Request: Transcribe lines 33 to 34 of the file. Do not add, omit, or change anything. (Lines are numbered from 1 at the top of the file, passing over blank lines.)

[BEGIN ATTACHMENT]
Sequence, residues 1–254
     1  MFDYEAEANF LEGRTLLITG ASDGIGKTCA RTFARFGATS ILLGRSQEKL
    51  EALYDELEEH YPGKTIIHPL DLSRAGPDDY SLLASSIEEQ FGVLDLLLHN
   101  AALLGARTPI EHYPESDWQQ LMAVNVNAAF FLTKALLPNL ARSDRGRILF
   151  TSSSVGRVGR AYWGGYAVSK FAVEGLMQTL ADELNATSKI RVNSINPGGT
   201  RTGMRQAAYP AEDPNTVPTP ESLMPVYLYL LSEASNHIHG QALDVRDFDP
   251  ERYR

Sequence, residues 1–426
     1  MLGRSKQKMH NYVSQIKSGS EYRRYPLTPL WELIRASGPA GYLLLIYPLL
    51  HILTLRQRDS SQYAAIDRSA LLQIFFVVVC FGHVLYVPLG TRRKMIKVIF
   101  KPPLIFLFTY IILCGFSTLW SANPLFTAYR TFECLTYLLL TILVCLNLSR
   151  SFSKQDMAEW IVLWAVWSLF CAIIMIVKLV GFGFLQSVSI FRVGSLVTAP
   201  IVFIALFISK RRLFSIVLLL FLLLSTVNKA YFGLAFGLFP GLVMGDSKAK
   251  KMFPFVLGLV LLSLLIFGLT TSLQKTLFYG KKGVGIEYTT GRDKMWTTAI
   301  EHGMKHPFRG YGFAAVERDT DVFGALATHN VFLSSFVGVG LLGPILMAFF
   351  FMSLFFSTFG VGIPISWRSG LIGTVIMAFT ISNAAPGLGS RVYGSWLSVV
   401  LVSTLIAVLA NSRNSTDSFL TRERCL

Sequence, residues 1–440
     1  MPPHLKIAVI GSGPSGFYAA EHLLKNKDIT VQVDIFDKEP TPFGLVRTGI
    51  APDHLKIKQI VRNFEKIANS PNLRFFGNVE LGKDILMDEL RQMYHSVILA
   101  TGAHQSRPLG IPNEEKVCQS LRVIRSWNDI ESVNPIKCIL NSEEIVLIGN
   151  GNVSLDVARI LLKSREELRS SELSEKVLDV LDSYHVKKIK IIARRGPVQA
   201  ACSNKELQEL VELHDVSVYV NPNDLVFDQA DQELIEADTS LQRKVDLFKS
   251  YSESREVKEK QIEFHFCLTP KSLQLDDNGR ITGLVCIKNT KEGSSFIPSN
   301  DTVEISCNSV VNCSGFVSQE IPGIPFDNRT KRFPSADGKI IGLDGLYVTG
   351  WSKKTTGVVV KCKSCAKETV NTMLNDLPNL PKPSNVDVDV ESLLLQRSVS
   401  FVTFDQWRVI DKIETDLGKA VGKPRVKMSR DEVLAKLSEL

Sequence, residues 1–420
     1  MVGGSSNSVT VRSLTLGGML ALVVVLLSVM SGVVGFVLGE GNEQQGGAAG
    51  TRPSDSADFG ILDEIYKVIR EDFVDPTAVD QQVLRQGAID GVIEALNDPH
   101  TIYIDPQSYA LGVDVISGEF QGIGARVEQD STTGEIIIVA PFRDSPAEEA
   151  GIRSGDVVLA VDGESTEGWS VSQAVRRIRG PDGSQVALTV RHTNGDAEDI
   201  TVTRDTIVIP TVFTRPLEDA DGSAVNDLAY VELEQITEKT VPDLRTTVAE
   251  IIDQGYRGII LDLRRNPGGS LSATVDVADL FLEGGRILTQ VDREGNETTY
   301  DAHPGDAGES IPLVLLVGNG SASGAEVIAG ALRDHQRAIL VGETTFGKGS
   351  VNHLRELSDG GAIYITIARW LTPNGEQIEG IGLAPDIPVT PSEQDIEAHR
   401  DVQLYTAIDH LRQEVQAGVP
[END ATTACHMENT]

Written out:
   201  TVTRDTIVIP TVFTRPLEDA DGSAVNDLAY VELEQITEKT VPDLRTTVAE
   251  IIDQGYRGII LDLRRNPGGS LSATVDVADL FLEGGRILTQ VDREGNETTY